Lists are like vectors but their elements can be of any data type or structure, including another list! You construct lists by using list() instead of c().

Compare the results of list() and c()

x <- list(list(1, 2), c(3, 4))
y <- c(list(1, 2), c(3, 4))
Question
What’s different about the structure of the variables x and y? Use the function str() to investigate.
Answer
The list contains two elements, a list and a vector. The vector y flattened the elements to a single element of the most flexible data type.

Factors

A factor is a vector that can contain only predefined values, and is used to store categorical data. Factors are built on top of integer vectors using two attributes: the class(), “factor”, which makes them behave differently from regular integer vectors, and their levels(), or the set of allowed values.

Use factor() to create a vector with predefined values, which are often characters or “strings”.

education <- factor(
    c("college", "highschool", "college", "middle"),
    levels = c("middle", "highschool", "college"))
str(education)
 Factor w/ 3 levels "middle","highschool",..: 3 2 3 1

A factor can be unorderd, as above, or ordered with each level somehow “less than” the next.

education <- factor(
    c("college", "highschool", "college", "middle"),
    levels = c("middle", "highschool", "college"),
    ordered = TRUE)
str(education)
 Ord.factor w/ 3 levels "middle"<"highschool"<..: 3 2 3 1

Top of Section


Multi-dimensional data structures

Data can be stored in several types of data structures depending on its complexity.

Dimensions Homogeneous Heterogeneous
1d c() list()
2d matrix() data.frame()
nd array()  

Of these, the data frame is far and away the most used.

Data frames

Data frames are 2-dimensional and can contain heterogenous data like numbers in one column and a factor in another.

It is the data structure most similar to a spreadsheet, with two key differences:

Creating a data frame from scratch can be done by combining vectors with the data.frame() function.

df <- data.frame(education, counts)
df
   education counts
1    college      4
2 highschool      3
3    college      7
4     middle      5

Some functions to get to know your data frame are:

Function Output
dim() dimensions
nrow() number of rows
ncol() number of columns
names() (column) names
str() structure
summary() summary info
head() shows beginning rows
names(df)
[1] "education" "counts"   

Exercise 2

Create a data frame with two columns, one called “species” and another called “count”. Store your data frame as a variable called data. You can do this with or without populating the data frame with values.

Read a CSV file into a data frame using the read.csv() function.

surveys <- read.csv('data/surveys.csv')
head(surveys)
  record_id month day year plot_id species_id sex hindfoot_length weight
1         1     7  16 1977       2         NL   M              32     NA
2         2     7  16 1977       3         NL   M              33     NA
3         3     7  16 1977       2         DM   F              37     NA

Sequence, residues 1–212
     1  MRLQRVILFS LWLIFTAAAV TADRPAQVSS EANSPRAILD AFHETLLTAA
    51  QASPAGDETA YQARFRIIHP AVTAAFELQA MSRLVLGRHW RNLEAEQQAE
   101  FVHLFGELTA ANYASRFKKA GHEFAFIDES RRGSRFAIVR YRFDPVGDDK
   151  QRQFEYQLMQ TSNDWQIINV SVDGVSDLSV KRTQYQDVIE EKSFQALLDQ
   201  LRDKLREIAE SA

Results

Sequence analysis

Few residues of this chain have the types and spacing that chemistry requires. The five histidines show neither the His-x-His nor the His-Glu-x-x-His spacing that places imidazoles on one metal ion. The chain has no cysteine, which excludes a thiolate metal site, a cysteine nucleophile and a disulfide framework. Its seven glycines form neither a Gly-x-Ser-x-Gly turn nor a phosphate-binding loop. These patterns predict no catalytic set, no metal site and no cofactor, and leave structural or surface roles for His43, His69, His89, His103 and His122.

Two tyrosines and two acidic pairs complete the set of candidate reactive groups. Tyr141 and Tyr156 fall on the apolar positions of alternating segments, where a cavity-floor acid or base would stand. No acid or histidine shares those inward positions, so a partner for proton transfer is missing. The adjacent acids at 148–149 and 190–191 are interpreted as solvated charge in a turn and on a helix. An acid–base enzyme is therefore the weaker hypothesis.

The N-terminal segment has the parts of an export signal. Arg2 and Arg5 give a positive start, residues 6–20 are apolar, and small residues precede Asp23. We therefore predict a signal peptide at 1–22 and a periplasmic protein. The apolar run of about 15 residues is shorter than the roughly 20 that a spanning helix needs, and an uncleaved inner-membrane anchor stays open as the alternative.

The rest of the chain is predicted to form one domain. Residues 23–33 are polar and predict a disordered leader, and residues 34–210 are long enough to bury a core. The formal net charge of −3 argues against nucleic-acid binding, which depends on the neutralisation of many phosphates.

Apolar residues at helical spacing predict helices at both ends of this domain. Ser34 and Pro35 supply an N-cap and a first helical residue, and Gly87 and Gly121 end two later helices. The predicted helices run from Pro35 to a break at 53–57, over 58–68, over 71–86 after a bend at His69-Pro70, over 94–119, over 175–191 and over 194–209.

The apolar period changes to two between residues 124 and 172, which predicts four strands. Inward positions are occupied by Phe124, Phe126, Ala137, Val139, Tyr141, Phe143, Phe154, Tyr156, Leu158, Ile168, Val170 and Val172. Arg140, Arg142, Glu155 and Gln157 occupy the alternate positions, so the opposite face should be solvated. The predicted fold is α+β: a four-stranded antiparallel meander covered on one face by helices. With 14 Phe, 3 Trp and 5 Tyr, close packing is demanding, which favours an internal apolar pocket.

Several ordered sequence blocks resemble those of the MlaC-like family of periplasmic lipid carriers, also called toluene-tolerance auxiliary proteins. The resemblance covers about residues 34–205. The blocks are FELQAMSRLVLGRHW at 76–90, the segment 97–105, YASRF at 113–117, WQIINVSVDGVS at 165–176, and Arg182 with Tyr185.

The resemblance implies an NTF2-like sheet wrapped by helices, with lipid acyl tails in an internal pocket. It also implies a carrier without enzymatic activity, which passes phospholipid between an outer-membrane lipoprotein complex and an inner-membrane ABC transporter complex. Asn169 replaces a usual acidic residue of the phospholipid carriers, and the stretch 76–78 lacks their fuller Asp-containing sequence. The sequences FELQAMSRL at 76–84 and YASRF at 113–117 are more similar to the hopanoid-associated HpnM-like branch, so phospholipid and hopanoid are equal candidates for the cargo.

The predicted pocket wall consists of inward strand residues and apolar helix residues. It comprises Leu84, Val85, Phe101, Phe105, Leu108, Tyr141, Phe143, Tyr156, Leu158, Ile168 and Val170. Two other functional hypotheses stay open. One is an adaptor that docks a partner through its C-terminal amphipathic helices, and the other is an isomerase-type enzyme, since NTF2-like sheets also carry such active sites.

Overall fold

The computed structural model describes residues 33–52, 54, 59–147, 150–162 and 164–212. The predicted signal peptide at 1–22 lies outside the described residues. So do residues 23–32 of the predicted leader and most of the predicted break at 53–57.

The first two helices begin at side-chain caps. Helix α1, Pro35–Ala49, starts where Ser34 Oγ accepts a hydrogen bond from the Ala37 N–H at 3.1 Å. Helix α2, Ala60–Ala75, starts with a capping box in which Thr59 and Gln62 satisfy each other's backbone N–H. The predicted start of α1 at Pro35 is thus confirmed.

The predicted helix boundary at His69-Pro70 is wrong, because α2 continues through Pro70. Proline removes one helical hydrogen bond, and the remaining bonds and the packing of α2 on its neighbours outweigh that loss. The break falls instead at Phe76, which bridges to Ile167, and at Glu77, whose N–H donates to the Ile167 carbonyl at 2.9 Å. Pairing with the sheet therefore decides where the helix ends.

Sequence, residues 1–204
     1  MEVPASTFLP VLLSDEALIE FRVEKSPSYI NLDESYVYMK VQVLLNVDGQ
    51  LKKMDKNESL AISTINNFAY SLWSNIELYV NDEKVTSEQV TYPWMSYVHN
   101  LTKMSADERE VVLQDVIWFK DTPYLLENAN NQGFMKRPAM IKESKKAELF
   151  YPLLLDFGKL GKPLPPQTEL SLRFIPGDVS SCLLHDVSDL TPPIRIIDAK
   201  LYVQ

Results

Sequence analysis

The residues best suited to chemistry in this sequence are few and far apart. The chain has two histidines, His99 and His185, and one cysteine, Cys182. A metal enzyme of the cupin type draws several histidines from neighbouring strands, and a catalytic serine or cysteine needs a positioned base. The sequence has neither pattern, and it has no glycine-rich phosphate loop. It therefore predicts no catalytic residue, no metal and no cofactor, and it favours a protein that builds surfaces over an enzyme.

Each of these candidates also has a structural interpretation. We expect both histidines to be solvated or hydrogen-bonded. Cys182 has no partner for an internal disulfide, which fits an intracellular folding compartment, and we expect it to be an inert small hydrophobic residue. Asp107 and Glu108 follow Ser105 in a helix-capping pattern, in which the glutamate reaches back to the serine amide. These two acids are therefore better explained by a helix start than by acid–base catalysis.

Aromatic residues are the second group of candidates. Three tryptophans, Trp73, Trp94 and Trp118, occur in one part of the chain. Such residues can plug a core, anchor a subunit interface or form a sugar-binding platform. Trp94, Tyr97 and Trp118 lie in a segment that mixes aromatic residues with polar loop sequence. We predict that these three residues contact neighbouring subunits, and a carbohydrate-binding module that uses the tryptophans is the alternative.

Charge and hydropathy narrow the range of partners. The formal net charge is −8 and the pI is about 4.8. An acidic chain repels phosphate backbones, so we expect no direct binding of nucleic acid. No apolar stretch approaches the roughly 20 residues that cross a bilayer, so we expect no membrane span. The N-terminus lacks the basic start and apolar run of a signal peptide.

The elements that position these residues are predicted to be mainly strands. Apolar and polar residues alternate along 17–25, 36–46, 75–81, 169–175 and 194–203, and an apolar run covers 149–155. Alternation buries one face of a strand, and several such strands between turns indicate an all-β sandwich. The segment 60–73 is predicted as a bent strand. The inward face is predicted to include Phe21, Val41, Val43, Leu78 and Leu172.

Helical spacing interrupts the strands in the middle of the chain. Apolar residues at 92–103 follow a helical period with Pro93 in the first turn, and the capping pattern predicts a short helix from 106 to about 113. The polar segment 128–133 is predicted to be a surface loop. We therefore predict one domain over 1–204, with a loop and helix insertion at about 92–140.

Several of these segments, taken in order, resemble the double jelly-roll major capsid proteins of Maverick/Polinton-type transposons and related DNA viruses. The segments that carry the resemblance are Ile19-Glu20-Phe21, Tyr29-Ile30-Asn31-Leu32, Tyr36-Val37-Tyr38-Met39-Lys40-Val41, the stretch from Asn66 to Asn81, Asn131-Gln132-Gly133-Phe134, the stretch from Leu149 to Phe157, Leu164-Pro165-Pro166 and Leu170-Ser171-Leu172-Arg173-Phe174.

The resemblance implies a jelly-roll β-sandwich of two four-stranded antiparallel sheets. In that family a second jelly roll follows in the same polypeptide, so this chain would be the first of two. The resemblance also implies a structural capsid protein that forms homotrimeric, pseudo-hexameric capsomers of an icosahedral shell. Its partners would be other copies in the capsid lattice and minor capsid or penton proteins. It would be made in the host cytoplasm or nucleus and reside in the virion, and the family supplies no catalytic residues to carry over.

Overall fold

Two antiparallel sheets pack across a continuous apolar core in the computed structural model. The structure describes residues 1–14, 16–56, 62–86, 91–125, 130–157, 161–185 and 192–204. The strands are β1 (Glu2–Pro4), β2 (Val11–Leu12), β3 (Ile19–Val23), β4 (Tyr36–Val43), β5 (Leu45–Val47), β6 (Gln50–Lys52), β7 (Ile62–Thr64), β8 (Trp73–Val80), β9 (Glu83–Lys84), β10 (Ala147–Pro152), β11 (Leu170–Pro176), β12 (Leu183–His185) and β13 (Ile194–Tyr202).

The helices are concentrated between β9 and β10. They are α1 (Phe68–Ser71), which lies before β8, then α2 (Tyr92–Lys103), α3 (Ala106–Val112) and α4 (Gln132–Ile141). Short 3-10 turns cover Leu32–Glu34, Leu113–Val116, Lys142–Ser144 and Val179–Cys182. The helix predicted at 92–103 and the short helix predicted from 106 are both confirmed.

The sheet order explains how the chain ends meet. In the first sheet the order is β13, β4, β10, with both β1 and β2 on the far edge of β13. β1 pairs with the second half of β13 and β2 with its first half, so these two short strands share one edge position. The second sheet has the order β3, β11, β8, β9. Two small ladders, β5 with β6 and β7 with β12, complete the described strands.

4         4     7  16 1977       7         DM   M              36     NA
5         5     7  16 1977       3         DM   M              35     NA
6         6     7  16 1977       1         PF   M              14     NA

Top of Section


Load data into R

We will use the function read.table() that reads in a file by passing it the location of the file. The general syntax for the functions to read in data are to give the path to the file name, and then supply optinal additional arguments as necessary like specifying the type of data in each column. Specific file types can be read in using functions like read.csv() which are wrappers for the read.table() function that have different default settings.

Type a comma after read.table( and then press tab to see what arguments that this function takes. Hovering over each item in the list will show a description of that argument from the help documentation about that function. Specify the values to use for an argument using the syntax name = value.

read.table(file="data/plots.csv", header = TRUE, sep = ",")
   plot_id                 plot_type
1        1         Spectab exclosure
2        2                   Control
3        3  Long-term Krat Exclosure
4        4                   Control
5        5          Rodent Exclosure
6        6 Short-term Krat Exclosure
7        7          Rodent Exclosure
8        8                   Control
9        9         Spectab exclosure
10      10          Rodent Exclosure
11      11                   Control
12      12                   Control
13      13 Short-term Krat Exclosure
14      14                   Control
15      15  Long-term Krat Exclosure
16      16          Rodent Exclosure
17      17                   Control
18      18 Short-term Krat Exclosure
19      19  Long-term Krat Exclosure
20      20 Short-term Krat Exclosure
21      21  Long-term Krat Exclosure
22      22                   Control
23      23          Rodent Exclosure
24      24          Rodent Exclosure

Use the assignment operator “<-“ to store that data in memory and work with it

plots <- read.table(file="data/plots.csv", sep = ",", header = TRUE)
surveys <- read.csv(file="data/surveys.csv", sep = ",", header = TRUE)

You can specify what indicates missing data in the read.csv function using either na.strings = "NA" or na = "NA". You can also specify multiple things to be interpreted as missing values, such as na.strings = c("missing", "no data", "< 0.05 mg/L", "XX").

After reading in the Surveys and Plots csv files, let’s explore what types of data are in each column and what kind of structure your data has.

str(plots)
'data.frame':	24 obs. of  2 variables:
 $ plot_id  : int  1 2 3 4 5 6 7 8 9 10 ...
 $ plot_type: Factor w/ 5 levels "Control","Long-term Krat Exclosure",..: 5 1 2 1 3 4 3 1 5 3 ...
summary(plots)